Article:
Conceptual design for a laminar-flying-wing aircraft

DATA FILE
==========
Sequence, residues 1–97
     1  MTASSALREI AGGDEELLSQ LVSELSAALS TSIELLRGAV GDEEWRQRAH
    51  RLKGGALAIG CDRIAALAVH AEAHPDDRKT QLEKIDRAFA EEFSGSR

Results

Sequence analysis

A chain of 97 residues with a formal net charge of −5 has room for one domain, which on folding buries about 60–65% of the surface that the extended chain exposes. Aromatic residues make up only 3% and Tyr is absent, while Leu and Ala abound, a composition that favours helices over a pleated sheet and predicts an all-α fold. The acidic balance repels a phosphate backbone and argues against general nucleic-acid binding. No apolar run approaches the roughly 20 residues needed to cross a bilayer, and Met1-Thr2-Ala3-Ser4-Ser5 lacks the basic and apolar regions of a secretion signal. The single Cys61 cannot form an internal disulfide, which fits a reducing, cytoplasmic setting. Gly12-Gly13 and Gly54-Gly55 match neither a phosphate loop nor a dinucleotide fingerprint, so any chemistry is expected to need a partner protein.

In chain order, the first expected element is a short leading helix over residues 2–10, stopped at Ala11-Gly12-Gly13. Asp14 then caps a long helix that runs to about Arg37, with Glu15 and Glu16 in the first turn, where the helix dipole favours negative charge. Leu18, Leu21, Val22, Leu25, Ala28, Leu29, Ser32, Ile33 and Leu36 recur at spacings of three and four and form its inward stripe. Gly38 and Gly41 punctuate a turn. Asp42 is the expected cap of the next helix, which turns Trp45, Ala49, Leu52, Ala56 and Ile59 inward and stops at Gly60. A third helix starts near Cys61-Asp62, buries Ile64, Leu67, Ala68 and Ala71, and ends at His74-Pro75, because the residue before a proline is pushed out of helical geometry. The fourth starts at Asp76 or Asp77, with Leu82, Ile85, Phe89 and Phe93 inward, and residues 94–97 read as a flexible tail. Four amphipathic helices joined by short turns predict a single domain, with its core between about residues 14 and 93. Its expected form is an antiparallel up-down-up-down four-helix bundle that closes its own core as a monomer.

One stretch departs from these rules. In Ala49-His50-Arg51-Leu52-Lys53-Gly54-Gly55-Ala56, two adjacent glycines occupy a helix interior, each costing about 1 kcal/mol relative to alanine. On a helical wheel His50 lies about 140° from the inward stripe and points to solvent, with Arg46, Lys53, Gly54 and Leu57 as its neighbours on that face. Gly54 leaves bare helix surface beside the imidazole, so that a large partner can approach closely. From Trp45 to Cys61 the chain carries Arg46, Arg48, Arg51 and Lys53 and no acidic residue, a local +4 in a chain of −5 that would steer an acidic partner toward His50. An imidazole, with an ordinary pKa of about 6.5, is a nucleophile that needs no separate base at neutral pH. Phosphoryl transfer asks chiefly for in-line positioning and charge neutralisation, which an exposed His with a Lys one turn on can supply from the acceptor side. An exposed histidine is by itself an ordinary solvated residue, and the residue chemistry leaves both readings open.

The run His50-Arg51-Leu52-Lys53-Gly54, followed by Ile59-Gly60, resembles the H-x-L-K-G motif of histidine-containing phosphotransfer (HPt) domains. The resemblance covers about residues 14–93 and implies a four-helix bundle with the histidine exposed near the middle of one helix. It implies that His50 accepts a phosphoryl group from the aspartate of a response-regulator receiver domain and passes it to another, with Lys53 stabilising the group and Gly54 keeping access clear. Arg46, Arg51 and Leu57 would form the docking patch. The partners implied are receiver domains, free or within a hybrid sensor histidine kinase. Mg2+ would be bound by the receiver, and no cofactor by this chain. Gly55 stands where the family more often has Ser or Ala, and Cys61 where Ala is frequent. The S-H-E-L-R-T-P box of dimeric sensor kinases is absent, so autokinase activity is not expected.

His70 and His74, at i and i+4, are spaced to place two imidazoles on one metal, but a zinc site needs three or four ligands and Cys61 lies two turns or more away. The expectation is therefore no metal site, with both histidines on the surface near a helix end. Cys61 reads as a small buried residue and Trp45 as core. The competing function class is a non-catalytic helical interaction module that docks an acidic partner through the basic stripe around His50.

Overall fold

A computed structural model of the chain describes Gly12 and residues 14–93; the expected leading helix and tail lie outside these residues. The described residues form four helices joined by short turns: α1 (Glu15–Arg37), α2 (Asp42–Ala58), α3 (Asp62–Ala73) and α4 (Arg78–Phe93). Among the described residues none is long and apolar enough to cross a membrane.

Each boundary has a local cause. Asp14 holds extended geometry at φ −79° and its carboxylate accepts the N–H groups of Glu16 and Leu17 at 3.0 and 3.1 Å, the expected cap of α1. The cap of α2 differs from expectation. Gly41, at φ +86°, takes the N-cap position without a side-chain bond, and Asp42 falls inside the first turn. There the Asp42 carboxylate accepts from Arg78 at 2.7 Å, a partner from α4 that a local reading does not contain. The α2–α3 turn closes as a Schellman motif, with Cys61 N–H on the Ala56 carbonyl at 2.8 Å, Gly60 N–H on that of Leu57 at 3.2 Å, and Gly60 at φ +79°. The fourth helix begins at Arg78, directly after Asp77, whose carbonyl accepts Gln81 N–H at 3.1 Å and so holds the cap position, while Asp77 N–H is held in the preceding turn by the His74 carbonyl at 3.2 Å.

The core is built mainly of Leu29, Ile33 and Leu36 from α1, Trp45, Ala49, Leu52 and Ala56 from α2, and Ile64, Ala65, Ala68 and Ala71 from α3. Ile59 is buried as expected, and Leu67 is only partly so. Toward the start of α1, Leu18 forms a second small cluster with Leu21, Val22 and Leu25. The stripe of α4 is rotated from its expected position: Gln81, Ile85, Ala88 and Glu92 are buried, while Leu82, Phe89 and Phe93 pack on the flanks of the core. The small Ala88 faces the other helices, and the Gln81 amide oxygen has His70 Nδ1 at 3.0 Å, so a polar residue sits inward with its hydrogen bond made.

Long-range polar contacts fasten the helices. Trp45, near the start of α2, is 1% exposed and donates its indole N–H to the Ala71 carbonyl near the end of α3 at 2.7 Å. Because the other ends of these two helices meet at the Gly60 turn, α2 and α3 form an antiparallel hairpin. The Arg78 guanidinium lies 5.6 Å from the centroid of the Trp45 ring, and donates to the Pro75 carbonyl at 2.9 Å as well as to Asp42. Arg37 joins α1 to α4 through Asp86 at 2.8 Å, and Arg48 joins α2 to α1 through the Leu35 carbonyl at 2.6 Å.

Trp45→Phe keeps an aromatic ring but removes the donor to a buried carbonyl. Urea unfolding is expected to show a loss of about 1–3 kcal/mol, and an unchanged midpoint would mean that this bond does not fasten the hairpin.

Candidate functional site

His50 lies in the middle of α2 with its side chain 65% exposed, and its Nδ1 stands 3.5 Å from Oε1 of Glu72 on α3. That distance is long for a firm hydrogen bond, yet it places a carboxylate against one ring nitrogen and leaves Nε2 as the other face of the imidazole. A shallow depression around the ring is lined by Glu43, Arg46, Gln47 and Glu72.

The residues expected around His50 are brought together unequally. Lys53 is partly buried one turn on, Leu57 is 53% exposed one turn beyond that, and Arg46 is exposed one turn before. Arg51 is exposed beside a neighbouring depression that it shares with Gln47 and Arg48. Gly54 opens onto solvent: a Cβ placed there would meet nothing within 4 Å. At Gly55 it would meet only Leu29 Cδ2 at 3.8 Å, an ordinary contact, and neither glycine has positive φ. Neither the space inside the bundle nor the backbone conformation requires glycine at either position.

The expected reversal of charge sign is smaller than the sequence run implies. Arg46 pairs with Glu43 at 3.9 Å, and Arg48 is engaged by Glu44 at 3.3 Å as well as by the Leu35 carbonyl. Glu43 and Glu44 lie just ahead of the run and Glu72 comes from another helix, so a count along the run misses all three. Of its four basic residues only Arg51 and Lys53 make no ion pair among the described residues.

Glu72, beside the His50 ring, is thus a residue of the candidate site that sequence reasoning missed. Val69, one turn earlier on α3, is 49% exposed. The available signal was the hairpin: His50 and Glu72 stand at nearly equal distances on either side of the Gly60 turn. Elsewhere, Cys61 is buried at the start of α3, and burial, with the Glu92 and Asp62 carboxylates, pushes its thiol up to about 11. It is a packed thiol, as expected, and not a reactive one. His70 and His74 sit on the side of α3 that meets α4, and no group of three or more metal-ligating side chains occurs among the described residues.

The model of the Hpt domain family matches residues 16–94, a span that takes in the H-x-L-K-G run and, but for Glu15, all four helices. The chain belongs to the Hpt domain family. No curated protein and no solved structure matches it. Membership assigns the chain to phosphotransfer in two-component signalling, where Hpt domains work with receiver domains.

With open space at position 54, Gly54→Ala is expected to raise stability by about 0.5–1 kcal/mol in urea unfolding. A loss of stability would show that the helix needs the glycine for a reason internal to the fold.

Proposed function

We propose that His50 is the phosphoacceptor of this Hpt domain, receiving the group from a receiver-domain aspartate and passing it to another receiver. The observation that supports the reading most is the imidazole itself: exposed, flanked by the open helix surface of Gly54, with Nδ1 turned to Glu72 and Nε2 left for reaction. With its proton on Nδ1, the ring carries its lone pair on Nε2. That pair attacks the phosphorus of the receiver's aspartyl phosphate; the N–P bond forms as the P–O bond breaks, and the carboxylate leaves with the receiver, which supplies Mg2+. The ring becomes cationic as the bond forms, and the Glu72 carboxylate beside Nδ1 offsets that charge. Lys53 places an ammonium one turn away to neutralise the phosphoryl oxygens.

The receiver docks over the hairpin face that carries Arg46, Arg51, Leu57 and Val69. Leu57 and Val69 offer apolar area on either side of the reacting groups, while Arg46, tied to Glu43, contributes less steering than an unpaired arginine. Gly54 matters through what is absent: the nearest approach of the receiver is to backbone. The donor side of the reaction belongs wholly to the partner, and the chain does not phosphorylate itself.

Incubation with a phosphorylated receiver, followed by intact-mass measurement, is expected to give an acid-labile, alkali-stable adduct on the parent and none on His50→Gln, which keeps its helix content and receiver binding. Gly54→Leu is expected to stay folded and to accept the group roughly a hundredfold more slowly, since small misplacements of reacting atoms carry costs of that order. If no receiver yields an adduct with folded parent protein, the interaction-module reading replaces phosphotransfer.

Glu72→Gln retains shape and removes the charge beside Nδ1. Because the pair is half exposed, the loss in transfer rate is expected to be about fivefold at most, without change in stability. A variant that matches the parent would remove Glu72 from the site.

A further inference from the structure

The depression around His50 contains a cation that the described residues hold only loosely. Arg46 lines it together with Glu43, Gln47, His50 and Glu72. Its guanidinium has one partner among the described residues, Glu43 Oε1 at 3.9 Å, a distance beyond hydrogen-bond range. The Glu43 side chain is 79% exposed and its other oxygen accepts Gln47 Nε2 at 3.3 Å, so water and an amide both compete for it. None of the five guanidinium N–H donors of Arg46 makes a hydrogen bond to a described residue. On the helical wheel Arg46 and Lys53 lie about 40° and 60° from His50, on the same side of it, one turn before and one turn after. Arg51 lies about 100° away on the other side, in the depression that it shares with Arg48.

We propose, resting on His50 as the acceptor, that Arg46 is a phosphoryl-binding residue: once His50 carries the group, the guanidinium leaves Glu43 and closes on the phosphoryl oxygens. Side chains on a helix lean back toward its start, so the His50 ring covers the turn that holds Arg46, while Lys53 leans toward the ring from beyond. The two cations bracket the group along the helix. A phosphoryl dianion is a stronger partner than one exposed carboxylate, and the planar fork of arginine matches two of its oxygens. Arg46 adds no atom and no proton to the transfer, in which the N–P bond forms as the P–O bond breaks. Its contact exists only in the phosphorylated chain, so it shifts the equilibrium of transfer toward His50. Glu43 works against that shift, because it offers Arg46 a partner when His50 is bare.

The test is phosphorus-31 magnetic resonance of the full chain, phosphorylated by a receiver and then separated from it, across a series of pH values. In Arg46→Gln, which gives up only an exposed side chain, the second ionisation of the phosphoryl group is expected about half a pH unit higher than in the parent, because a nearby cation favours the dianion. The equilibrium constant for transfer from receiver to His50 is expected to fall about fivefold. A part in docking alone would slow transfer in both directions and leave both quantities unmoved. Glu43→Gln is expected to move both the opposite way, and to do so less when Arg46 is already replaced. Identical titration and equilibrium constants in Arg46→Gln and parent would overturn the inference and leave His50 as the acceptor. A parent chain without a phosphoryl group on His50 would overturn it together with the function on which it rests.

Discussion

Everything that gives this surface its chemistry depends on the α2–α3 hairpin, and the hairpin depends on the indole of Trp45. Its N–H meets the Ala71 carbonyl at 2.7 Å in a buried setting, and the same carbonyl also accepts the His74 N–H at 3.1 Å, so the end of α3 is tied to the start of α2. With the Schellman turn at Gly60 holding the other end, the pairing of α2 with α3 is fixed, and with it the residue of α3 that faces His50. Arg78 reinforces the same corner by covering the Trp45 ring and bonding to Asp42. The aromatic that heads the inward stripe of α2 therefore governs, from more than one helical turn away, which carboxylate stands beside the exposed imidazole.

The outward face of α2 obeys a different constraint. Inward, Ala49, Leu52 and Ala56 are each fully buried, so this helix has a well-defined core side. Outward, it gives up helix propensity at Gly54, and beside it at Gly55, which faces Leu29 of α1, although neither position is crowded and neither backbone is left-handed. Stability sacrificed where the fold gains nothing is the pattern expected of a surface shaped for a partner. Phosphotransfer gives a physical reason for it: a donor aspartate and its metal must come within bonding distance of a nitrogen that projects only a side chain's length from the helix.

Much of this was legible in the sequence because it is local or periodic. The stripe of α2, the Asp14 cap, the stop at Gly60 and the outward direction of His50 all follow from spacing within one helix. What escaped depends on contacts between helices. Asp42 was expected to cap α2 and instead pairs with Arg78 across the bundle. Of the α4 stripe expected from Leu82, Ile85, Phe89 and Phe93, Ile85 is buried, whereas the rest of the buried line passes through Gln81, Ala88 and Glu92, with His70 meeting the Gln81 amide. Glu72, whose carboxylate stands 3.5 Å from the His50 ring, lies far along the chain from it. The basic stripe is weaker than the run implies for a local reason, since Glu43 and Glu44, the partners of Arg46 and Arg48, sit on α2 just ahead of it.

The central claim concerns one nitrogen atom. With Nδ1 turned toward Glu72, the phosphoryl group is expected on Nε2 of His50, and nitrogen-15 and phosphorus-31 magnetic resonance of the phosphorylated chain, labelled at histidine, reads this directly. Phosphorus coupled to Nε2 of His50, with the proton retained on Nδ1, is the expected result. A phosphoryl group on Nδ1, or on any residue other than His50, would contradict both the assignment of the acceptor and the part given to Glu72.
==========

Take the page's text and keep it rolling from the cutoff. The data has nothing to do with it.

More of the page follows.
The laminar-flying-wing aircraft appears to be an attractive long-term prospect for reducing the environmental impact of commercial aviation. In assessing its potential, a relatively straightforward initial step is the conceptual design of a version with restricted sweep angle. Such a design is the topic of this thesis. In addition to boundary layer laminarisation (utilising distributed suction) and limited sweep, a standing-height passenger cabin and subcritical aerofoil flow are imposed as requirements. Subject to these constraints, this research aims to: provide insight into the parameters affecting practical laminar-flow-control suction power requirements; identify a viable basic design specification; and, on the basis of this, an assessment of the fuel efficiency through a detailed conceptual design study. It is shown that there is a minimum power requirement independent of the suction system design, associated with the stagnation pressure loss in the boundary layer. This requirement increases with aerofoil section thickness, but depends only weakly on Mach number and (for a thick, lightly-loaded laminar flying wing) lift coefficient. Deviation from the optimal suction distribution, due to a practical chamber-based architecture, is found to have very little effect on the overall suction coefficient. In the spanwise direction, through suitable choice of chamber depth, the pressure drop due to frictional and inertial effects may be rendered negligible. Finally, it is found that the pressure drop from the aerofoil surface to the pump collector ducts determines the power penalty; suggesting there is little benefit in trying to maintain an optimal suction distribution through increased subsurface-chamber complexity. For representative parameter values, the minimum power associated with boundary-layer losses alone contributes some 80% - 90% of the total power requirement. To identify the viable basic design specification, a high-level exploration of the laminar-flying-wing design space is performed, with an emphasis above all on aerodynamic efficiency. The characteristics of the design are assessed as a function of three parameters: thickness-to-chord ratio, wingspan, and unit Reynolds number. A feasible specification, with 20% thickness-to-chord, 80 m span and a unit Reynolds number of 8 x 10[superscript 6] m[superscript -1], is identified; it corresponds to a 187 tonne aircraft which cruises at Mach 0.67 and altitude 22,500 ft, with lift coefficient 0.14. The benefit of laminarisation is manifested in a high lift-to-drag ratio, but the wing loading is low, and the structural efficiency and gust response are thus likely to be relatively poor. On the basis of this specification, a detailed conceptual design is undertaken. A 220-passenger laminar-flying-wing concept, propelled by three turboprop engines, with a cruise range of 9000 km is developed. The estimated fuel burn is 13.9 g/pax.km. For comparison, a conventional aircraft, propelled by four turboprop engines, with a high-mounted, unswept, wing is designed for the same mission specification and propulsion characteristics, and is shown to have a fuel burn of 15.0 g/pax.km. Despite significant aerodynamic efficiency gains, the fuel burn of the laminar flying wing is only marginally better as it suffers from a poor cruise engine efficiency, due to extreme differences between takeoff and cruising requirements, and is much heavier. The laminar flying wing proposed in this thesis falls short of the performance improvements expected of the concept, and is not worth the development effort. It is therefore proposed that research efforts either be focussed on improving the engine efficiency, or switching to a low aspect ratio, high sweep, design configuration.